Blank speaks to Faculty Senate about challenges and opportunities

Oct. 8, 2013

by Greg Bump

Chancellor Rebecca Blank on Monday spoke to the Faculty Senate about critical issues facing UW–Madison, including the need to ensure financial stability at an institutional level, improve relations with legislators, and shrink the pay gap with our peers.

Photo: Rebecca Blank

Rebecca Blank

It was Blank’s first address to the Faculty Senate, which held its first meeting since Blank arrived on campus in late July.

Blank said she sees her main task as chancellor to be continuing to maintain the high level of quality in instruction and research UW-Madison has achieved over more than 160 years, and where possible move it forward.

“But that doesn’t mean keeping things just as they are,” she said. “To stay good at what we do, and to become better, will require us to do some things differently because the higher education world in which we operate and the larger economic and social world in which we operate is changing.”

Blank said one of her most pressing priorities is to restore financial stability to the university, and acknowledged that the funding model for public universities has undergone a significant amount of change, particularly in the amount of state support.

“While we must and will argue with the state for additional funds for high priority needs, I will tell you I don’t expect a big turnaround in that trend,” she said.

Universities must work hard to capture other streams of funding and integrate them with the state contribution, she said. Those funding streams include federal dollars, tuition, funding from business partnerships, private donors, and the support of partners like the Wisconsin Alumni Research Foundation.

Blank acknowledged that the debate over the use of reserve funds resulted in a difficult budget session for the UW System this spring.

“To stay good at what we do, and to become better, will require us to do some things differently because the higher education world in which we operate and the larger economic and social world in which we operate is changing.”

Rebecca Blank

“I’ll be blunt. We did not effectively make the case for why the University of Wisconsin System schools were experiencing growth in their reserve funds at the same time we were going to the state legislature claiming serious economic problems and asking for tuition increases,” she said.

She said the system lost credibility during the debate over reserve funds, resulting in a tuition freeze and funding cuts, and there is still anger among some legislators over the issue.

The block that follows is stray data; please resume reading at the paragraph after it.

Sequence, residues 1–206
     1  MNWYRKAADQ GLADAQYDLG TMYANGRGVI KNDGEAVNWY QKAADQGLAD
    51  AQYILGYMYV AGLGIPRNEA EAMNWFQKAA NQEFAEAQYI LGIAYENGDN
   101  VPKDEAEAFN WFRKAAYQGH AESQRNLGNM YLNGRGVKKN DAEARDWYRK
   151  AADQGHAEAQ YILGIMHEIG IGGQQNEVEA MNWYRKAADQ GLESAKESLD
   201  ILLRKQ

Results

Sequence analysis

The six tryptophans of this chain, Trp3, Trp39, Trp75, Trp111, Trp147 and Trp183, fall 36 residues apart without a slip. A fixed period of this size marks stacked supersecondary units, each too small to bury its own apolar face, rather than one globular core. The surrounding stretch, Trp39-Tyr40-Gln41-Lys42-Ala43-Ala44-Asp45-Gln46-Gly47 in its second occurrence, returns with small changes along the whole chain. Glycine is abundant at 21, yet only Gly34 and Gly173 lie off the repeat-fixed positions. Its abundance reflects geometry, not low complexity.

The university is now spending down those reserve funds, as requested by legislators, Blank said.

“But we can spend those reserves only once. That is one-time money, while the budget cuts that we were given are permanent. And that means come the next biennium, we are going to be facing a budget deficit. I and other leaders across the system are going to be talking to the governor and legislature in the hope that in the next budget process we can get at least some of those dollars restored,” Blank said.

The tuition freeze was “not a surprising reaction” to an honest concern among legislators about the rising cost of higher education, Blank said, adding that she is “acutely aware” of the economics of the state.

“I want any Wisconsin student who has the academic credentials to be admitted to the University of Wisconsin–Madison to be able to attend here, regardless of their family’s income,” she said.

“I want any Wisconsin student who has the academic credentials to be admitted to the University of Wisconsin–Madison to be able to attend here, regardless of their family’s income.”

Rebecca Blank

One of the most regrettable outcomes of the budget battle this spring was the delay in human resources flexibilities, particularly in the area of compensation, Blank said. She pledged to work with UW System officials to gain the authority for those flexibilities for faculty and all employee categories in the 2015 budget, but it is “no slam dunk.”

“It is going to take real effort and some real political skill to get [legislators] to approve the HR flexibilities in that timeframe,” she said. “But I think this is incredibly important to campus.”

Despite the lack of flexibility, she said some modest gains have been made over recent years to address the pay gap with the university’s peers. Two important tools have been the critical compensation fund and high-demand faculty fund, and she proposes that internal dollars be made available, though she expects the amount allocated to be more modest than last year.

Details of the programs will be worked out with governance groups and internal stakeholders in the coming weeks, Blank said.

“I consider this one of the highest priority uses of our budget,” she said.

Noting that for the third straight year UW–Madison ranked 19th worldwide in the recent Academic Ranking of World Universities by Shanghai’s Jiao Tong University, Blank praised the faculty on the accomplishment

“That’s the level of excellence you have achieved here over the years and I am pledged to uphold,” she said. “There are some pretty big challenges — I’m not going to sugarcoat that — but there are also enormous opportunities. And I’m excited to work with all of you on both the challenges and the opportunities.”